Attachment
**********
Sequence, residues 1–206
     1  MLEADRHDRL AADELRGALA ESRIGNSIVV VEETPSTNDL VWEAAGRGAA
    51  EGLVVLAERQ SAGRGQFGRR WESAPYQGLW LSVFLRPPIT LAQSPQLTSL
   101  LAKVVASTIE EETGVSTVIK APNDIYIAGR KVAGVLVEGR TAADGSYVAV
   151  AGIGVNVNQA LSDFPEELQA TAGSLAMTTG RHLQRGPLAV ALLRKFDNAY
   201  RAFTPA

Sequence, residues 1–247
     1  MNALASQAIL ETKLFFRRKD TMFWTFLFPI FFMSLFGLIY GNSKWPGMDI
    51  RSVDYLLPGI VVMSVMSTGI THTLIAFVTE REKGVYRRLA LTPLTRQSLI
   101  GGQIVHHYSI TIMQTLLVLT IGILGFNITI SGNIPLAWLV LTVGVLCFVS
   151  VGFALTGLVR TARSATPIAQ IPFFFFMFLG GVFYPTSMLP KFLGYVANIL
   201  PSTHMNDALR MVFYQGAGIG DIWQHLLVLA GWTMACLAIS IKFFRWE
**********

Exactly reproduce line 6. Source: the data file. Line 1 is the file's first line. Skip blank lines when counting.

   201  RAFTPA